Lacrosse: Defense is the heart of the game
Published 1:38 pm, Wednesday, June 1, 2016
GREENWICH — The No. 14 on the back of the Avon Old Farms middie was clear from the stands, because he was headed straight from the left side to the Brunswick net with about a minute to go in their recent lacrosse game, bidding for a fourth goal.
“That guy, 14, we had eyes on him all game,” said Stephenson, a sophomore. “Very good right hand. We saw he had a good outside shot, so he was a big threat.”
Threat neutralized by the defense, a position on the lacrosse field that can sometimes be a bit anonymous, but which longtime Fairfield Prep coach Chris Smalkais calls the heart of the game.
“It generates all the offense. A good defensive play generates ground balls, turnovers, which generate transition,” Smalkais said, “which allows the game to be an exciting game to watch.”
In a game where scores often hit double digits, defense can be psychological, too.
“Sometimes you use the high score as an excuse,” Greenwich defensive midfielder Katie Harford said after the Cardinals came back to beat Staples recently in the regular season. “At the same time, it comes down to four minutes left, and you’re only up or down by one, or you’re tied, and that one goal is going to be important.”
We’re into the time of year, with the CIAC tournament starting, where that one goal can extend or end a season, bring heartbreak or a banner.
Though the girls and boys games are different in many ways, there are aspects of defense in common, communication and athleticism among them.
Harford talked about practicing without sticks, emphasizing body position to avoid fouls.
“As a defender, you’re kind of at a disadvantage to start,” Greenwich girls coach Caitlin Young said. “The attack knows what they’re doing, and you’re always a step behind. Focusing on hips and taking away angles are hugely important.”
Momentum can shift. St. Anthony’s of Long Island took control of a game at New Canaan recently with a big third quarter.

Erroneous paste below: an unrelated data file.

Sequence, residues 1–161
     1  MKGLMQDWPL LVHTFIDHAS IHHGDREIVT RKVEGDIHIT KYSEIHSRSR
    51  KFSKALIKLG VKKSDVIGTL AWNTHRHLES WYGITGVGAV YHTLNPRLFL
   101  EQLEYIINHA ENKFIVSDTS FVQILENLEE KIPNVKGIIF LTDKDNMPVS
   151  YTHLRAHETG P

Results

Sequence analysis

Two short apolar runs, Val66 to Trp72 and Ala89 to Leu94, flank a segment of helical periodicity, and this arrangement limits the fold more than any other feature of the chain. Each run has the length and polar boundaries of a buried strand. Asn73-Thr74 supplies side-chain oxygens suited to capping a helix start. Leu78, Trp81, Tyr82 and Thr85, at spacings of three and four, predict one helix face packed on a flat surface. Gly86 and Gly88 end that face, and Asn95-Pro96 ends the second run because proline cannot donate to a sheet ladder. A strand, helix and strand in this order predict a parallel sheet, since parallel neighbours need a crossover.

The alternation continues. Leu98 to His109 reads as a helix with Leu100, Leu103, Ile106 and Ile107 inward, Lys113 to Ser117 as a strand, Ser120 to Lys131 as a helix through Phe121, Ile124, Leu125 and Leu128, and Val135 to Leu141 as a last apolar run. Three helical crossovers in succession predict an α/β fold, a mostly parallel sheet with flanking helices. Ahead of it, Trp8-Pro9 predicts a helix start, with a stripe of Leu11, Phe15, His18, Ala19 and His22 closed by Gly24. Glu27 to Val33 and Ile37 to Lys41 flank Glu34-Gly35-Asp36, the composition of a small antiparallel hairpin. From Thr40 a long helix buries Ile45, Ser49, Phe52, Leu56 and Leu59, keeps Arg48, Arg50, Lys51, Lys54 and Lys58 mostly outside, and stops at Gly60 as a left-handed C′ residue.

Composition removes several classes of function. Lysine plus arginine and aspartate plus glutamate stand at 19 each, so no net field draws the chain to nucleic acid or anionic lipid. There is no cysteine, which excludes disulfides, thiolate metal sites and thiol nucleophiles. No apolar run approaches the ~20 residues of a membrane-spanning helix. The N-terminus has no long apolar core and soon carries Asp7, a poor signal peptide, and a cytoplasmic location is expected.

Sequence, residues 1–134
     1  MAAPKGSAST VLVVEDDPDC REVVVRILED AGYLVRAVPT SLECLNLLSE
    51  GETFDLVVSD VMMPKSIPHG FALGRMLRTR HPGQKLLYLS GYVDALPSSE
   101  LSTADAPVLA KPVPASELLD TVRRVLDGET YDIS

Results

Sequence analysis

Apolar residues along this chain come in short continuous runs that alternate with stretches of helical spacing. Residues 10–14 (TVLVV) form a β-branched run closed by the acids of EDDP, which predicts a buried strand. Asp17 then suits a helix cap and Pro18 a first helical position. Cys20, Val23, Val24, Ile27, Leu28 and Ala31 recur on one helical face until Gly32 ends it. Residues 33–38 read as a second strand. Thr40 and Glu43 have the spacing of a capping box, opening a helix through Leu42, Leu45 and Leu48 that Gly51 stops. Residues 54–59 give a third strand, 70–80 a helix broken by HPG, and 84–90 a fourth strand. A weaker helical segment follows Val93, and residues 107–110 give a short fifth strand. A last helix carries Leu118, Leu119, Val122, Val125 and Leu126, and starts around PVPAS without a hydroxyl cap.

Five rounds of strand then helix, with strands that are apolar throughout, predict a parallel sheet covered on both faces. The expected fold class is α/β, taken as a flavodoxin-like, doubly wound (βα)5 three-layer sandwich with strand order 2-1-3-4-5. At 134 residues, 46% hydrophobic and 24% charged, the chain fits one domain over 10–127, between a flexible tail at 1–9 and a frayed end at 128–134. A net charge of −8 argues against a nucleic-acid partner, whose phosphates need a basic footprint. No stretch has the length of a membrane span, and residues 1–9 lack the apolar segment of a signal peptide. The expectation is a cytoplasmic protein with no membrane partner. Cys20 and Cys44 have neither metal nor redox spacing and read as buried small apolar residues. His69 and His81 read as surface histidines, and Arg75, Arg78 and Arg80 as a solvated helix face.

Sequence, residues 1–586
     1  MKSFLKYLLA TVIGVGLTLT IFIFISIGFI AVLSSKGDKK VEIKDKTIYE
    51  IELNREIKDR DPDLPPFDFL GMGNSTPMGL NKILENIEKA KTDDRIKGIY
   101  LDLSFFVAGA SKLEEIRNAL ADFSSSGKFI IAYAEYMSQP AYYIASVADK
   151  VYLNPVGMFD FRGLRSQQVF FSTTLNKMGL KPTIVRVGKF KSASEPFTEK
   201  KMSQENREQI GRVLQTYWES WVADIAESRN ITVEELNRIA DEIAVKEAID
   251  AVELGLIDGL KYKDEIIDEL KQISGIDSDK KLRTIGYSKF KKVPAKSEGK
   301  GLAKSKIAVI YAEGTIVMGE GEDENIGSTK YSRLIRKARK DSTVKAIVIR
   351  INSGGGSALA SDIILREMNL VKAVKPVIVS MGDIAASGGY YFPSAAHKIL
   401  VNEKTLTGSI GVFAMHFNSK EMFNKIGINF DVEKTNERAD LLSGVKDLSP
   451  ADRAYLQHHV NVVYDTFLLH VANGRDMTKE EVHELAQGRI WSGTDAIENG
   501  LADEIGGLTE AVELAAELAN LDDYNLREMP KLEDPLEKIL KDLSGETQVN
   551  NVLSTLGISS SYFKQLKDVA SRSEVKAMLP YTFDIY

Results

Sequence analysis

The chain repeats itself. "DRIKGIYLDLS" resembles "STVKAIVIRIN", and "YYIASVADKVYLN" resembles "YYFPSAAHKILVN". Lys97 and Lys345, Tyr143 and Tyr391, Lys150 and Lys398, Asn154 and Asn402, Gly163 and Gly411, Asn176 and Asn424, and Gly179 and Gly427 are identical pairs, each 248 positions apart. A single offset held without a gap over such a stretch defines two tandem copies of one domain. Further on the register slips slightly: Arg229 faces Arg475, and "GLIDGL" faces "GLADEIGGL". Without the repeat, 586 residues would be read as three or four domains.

Some Rams slides didn’t work. Clears failed. St. Anthony’s goalie Tom Lingner gave up little. T.J. Heagarty, Michigan-bound, scored five Friars goals in an 8-3 win.
“I guess it’s important to keep a sense of confidence,” said New Canaan’s David Strupp, who’s going to Harvard.
“You have to keep playing the way you know how to play and hope your offense can score goals.
“It definitely is psychological in a way. If we get beat on a clear, or if they score a goal, we get down on ourselves. I think it’s the natural response.”
Boys can have up to four long-pole players on the field at any given time, typically three defensemen who are on all the time and a long-stick midfielder who’ll often go on and off. Boys also have the option of playing the body, which the girls don’t.
That’s part of what endeared the position to last year’s Hearst Connecticut Media Boys Lacrossee MVP, who was a goalie until seventh grade, when his team needed defensemen and his coach handed him a long pole.
Darien’s Mark Evanchick happens to be the state’s best football player, too, a senior who set the state’s sack record in the fall.
“I like the physicality,” said Evanchick, who’ll play lacrosse at Penn. “If I was an attackman or a middie, I don’t think I could find a similar love. Football, it’s obviously very physical, and playing defense, you can be very physical with your man if you want to stop him from scoring goals.”
Evanchik didn’t get much of a chance to be physical in the Blue Wave’s overtime win over Greenwich.
Matched up most of the game against attackman Mike Sands, Evanchick found himself away from the net most of the time. The Cardinals mostly kept Sands out of the play, and with Darien playing man-to-man, that left mostly a five-on-five.
Teams have done that a bit to Evanchick this season.
He said he’d rather be going after the ball, but he doesn’t mind as long as the Blue Wave win, and they’re rated among the nation’s best teams this year, coming in at No. 5 in the latest Under Armour / Inside Lacrosse Top 25 National High School Power Rankings.
“He’s always been a physical specimen with great footwork, great speed,” Darien coach Jeff Brameier said. “He’s worked on his game. He’s developed a great knack for positioning.
“Most teams now know who he’s on, and they bury him. They don’t let (Evanchick) get involved in the game very much.”
Brameier said the Blue Wave hasn’t gone to a zone defense because they’re happy with their matchups.
Loving the zone
For some teams, zone is a godsend. Barlow’s girls team averaged double-digit goals against a few years ago.